Police State Olympics and the Greatness of Nations (August 8, 2008)
The greatness of a nation is not measured by the height of its buildings or its steel output or its military might but by these three factors:
1. the rights and opportunities it extends all its citizens, especially the lowliest
2. the manner in which it absorbs and responds to the criticism of its citizenry and the world
3. the willingness and ability of its citizens to question and actively resist the propaganda of that nation's elites
As for steel output and the number of tanks and missiles, we have seen how much "strength" those sources of puffery and pride actually hold, for the Soviet Union was masterful in touting its steel output and in staging mass reviews of its military might.
The illusory nature of these traditional measures of national strength was starkly revealed by the sudden implosion of the USSR's politically inept and financially insolvent regime.
When individuals are unable to accept criticism or generate realistic self-criticism, we define their crippling limitations as neurotic. We all know how these people respond to criticism: they lash out and attack the person offering the critique. Unfortunately this strategy doesn't help them improve their performance or resolve their conflicts.
In a similar fashion, what renders the alcoholic so massively incapable of positive action is not his/her alcoholism per se but his/her denial of their problem.
I am of course discussing China and the U.S. Each is in massive denial about somewhat different sets of serious problems, and who gets to be counted as a "great nation" will depend on which nation's citizens most thoroughly contest, refute and resist their elite's propaganda.
It's no secret that China has a chip on its shoulder. The general cultural view is that China has always been a Great Power and it's about time that well-deserved crown is once again set on China's head. Any and all criticism or skepticism of China is considered a sour-grapes attempt to "keep China down." If you read even a few international message boards with Chinese posters, you soon find the responses to any criticism of China range from foaming-at-the-mouth rage to attacks on the U.S. for bullying, interference with other's sovereignty, racism, etc.--more or less parroting the Chinese media's Party Line of propaganda.
(As for racism--few in China seem to think "foreign devil" isn't a perfectly good slang term for a Westerner. How would that fly if the equivalent phrase was standard useage in the U.S. for Chinese people? You can bet the outcry would earthshaking, voluminous and bitter.)
In other words, the general Chinese view is that China is peaceful and benign and any criticism of China is unwarranted, unfair and a mean-spirited attempt to "hold China back."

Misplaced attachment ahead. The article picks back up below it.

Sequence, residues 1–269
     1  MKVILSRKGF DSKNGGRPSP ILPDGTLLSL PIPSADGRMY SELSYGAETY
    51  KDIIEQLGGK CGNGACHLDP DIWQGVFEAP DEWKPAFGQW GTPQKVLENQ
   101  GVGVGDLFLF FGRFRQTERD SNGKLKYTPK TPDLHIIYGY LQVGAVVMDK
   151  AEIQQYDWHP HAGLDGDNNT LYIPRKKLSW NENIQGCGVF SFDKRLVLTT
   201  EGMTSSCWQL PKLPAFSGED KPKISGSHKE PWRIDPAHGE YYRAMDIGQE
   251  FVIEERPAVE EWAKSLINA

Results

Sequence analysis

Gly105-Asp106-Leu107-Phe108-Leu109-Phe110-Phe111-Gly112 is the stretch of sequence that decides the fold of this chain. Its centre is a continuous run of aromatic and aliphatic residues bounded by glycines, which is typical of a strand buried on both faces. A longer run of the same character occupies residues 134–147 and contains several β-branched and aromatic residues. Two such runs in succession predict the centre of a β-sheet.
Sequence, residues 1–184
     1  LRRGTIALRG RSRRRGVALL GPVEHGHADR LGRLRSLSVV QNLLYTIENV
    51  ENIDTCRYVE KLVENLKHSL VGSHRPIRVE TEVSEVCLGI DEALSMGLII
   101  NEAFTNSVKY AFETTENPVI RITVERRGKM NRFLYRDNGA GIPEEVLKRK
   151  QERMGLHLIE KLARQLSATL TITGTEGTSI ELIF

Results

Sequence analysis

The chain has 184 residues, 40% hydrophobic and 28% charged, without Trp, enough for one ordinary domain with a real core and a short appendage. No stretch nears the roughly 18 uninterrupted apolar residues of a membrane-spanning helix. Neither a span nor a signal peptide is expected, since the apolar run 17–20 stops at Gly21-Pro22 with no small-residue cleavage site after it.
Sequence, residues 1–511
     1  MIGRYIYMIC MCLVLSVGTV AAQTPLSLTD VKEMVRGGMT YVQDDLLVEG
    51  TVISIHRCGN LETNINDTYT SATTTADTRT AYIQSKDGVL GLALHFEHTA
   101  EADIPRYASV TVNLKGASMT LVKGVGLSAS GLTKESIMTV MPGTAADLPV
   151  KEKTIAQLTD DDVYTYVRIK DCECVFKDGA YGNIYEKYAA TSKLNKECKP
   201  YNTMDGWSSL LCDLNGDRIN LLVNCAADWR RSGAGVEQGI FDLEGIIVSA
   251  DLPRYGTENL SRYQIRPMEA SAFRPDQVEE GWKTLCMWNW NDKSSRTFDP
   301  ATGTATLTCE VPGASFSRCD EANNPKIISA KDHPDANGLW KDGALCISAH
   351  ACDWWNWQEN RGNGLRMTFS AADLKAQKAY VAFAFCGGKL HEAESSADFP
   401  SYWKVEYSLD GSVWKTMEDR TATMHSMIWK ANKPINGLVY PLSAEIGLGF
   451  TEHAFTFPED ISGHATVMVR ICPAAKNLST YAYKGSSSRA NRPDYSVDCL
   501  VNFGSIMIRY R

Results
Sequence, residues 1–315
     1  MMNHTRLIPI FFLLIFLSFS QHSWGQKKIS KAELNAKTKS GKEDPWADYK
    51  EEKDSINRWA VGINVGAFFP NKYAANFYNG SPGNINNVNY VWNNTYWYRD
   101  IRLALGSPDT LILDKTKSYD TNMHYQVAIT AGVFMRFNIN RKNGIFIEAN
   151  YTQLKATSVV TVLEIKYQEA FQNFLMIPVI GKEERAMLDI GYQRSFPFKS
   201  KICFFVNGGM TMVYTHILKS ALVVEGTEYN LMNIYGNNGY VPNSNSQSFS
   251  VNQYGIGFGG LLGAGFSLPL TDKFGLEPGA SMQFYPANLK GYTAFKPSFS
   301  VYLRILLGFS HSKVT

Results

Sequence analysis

In an individual, these responses would be considered neurotic and unhelpful to the individual's growth and ability to resolve inner conflicts. The same holds true for nations.
To those who can't bear any criticism of China: criticism, resentment, hatred and resistance go hand-in-hand with Great Power status. You can't have one without the other. To want to be a Great Power and be only loved and admired is like wanting to be famous and only be loved and admired--it is impossible. With high visibility comes criticism, and with power come restraints and limitations, not unlimited freedom. Embrace it or let go of aspirations to Greatness.
So anyway, welcome to the Police State Olympics:
Beijing Olympics visitors to come under widespread surveillance
"Everyone feels they're entering a police state, which by the way it is, duh," said Sharon Hom, executive director of New York-based Human Rights in China. "So they've got people reporting down to the lowest neighborhood level, which is not new, overlaid by state-of-the-art technology. It's the best of the old and the new."The cameras and microphones, of course, will undoubtedly stay on after the Olympics. The Olympics will come and go and you will still have your passport scanned when you rent an Internet cafe computer.
Meanwhile, anyone publicly connected to the issue of Darfur and China's role in defending the genocide-happy kleptocracy in Sudan is denied a visa. My own experience with the Great Firewall of China is that an architect friend's innocuous website was blocked because it contained some Chinese characters. That alone kept it from being seen within China.
Isn't it a bit of a stretch to dismiss any questions about China's role in Sudan as "trying to hold China back?" How about trying to hold back the relentless slaughter of civilians by government-sanctioned and supplied armed forces?
And please don't believe that attacking the U.S. involvement in Iraq somehow gives China a free pass to pursue its interest in Sudan without challenge. The proof is called substitution: are you willing to allow the U.S. a free hand anywhere in the world because China has the right to pursue its strategy in Sudan? It's either one or the other--you can't have it both ways.